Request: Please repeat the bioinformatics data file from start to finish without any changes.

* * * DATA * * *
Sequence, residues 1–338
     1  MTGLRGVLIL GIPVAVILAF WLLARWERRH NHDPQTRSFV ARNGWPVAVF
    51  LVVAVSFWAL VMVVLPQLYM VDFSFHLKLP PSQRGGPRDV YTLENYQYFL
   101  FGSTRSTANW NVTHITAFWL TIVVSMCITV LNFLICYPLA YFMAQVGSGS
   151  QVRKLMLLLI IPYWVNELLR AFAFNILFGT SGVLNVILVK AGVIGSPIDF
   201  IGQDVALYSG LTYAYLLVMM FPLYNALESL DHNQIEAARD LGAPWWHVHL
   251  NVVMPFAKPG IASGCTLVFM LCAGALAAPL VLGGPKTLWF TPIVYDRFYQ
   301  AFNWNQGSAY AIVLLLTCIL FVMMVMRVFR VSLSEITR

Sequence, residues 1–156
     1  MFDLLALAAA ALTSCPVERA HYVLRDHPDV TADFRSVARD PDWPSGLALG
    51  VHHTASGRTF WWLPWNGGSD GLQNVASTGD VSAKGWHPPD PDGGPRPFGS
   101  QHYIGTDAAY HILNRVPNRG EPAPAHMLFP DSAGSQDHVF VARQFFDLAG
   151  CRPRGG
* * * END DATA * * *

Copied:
Sequence, residues 1–338
     1  MTGLRGVLIL GIPVAVILAF WLLARWERRH NHDPQTRSFV ARNGWPVAVF
    51  LVVAVSFWAL VMVVLPQLYM VDFSFHLKLP PSQRGGPRDV YTLENYQYFL
   101  FGSTRSTANW NVTHITAFWL TIVVSMCITV LNFLICYPLA YFMAQVGSGS
   151  QVRKLMLLLI IPYWVNELLR AFAFNILFGT SGVLNVILVK AGVIGSPIDF
   201  IGQDVALYSG LTYAYLLVMM FPLYNALESL DHNQIEAARD LGAPWWHVHL
   251  NVVMPFAKPG IASGCTLVFM LCAGALAAPL VLGGPKTLWF TPIVYDRFYQ
   301  AFNWNQGSAY AIVLLLTCIL FVMMVMRVFR VSLSEITR

Sequence, residues 1–156
     1  MFDLLALAAA ALTSCPVERA HYVLRDHPDV TADFRSVARD PDWPSGLALG
    51  VHHTASGRTF WWLPWNGGSD GLQNVASTGD VSAKGWHPPD PDGGPRPFGS
   101  QHYIGTDAAY HILNRVPNRG EPAPAHMLFP DSAGSQDHVF VARQFFDLAG
   151  CRPRGG